The school library was the one place where students could wander freely. They were encouraged to pull books from the shelves to explore which ones to sign out. The freedom to choose from a vast variety of topics was one of the joys of being in the library.
Reading was a way to explore historical events and different cultures, identities and points of view. The exploration of new ideas was encouraged. Parents always had the right to decide which books their child should or should not read, but could not make the choice for other parents.
I worry about the future in which my grandchildren will live. How narrow-thinking will the populace become if only one point of view is allowed to prevail? This kind of narrow-mindedness frightens me.
Phyllis Levin Toronto
Freedom of thought is the last freedom. Banning books will likely make the public want to read them more.
Banning a book because an author is Black or queer is a suppression of a person’s right to free expression as a human being. I believe Florida’s directive to ban books and worried parents’ attempts to mould their children’s minds is futile.
Curious minds inevitably want to know more, and rightfully so.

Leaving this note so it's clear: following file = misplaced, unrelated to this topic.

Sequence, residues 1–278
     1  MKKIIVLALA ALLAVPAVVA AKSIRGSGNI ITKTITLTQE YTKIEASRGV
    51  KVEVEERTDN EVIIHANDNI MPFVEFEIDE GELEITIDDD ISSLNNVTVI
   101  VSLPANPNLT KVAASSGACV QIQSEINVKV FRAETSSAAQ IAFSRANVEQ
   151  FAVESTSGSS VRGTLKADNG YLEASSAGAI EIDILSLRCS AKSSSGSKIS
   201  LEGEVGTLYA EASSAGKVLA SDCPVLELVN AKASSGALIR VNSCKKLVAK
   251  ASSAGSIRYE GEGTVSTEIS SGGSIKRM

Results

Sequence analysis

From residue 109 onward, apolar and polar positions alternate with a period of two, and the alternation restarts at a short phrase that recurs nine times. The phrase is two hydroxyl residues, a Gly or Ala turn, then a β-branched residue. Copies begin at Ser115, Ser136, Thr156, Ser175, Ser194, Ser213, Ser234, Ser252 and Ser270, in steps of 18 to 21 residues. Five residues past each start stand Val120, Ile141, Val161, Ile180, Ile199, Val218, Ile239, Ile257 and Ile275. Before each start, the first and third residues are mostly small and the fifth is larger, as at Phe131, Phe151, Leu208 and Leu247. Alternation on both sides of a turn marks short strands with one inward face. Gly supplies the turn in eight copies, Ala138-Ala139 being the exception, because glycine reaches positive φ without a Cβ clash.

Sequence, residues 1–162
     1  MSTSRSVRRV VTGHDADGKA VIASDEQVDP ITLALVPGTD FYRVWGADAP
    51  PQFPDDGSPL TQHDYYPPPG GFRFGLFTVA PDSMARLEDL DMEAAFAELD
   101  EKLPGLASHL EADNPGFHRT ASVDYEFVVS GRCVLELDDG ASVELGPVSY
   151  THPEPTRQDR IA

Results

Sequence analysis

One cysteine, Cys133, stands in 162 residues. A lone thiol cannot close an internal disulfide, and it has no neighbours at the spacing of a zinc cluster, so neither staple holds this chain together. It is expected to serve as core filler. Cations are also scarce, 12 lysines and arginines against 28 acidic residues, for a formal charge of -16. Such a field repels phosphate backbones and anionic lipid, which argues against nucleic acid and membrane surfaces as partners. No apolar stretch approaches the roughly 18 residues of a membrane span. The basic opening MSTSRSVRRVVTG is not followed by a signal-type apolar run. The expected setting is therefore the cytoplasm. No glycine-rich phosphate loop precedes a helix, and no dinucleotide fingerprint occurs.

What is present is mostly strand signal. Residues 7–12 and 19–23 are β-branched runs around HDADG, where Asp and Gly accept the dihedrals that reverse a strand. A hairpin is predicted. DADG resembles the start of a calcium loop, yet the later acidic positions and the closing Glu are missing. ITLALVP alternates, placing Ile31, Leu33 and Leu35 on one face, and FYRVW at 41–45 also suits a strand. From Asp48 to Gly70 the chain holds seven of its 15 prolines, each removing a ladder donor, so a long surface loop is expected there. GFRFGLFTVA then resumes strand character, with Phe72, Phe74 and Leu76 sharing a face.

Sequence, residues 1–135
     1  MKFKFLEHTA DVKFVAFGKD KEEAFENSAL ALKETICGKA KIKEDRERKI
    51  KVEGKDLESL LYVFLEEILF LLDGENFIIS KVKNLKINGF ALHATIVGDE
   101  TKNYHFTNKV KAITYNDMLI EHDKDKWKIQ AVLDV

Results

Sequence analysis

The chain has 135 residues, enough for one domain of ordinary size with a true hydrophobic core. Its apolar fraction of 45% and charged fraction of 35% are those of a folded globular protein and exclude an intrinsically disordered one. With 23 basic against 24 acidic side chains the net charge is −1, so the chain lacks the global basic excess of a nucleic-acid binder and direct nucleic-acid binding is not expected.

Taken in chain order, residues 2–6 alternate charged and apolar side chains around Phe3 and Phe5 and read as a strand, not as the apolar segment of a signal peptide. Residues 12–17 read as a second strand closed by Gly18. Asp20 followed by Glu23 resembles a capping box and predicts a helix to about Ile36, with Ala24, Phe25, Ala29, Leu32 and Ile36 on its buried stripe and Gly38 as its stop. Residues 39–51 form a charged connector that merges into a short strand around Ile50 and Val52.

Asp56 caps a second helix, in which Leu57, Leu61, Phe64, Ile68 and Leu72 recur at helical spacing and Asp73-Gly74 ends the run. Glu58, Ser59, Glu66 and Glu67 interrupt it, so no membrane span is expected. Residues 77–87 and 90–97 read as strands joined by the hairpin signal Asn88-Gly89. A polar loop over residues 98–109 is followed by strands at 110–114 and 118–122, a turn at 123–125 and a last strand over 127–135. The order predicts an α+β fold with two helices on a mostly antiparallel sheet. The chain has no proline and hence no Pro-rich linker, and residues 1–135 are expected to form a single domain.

Diane Sullivan Toronto
Before retirement, I was a teacher-librarian.
One day, an outraged mother marched in with a non-fiction book on the Salem witch trials and demanded to know why it was on the shelves, and why her Grade 8 son had been allowed to sign it out. I remained calm and explained to her that books on the shelves were all well-reviewed and appropriate for students.
I told her that this book was a carefully researched account of an episode of mass hysteria in history. I also encouraged her to fill out a form to request reconsideration of library materials.
She harrumphed her way out the door. I displayed the book on the recommended-reading table. The form was never returned.
It seems that we are in the midst of another frightening outbreak of mass hysteria. And, yes, it is time to “make a fuss.”
Dianne Harke Edmonton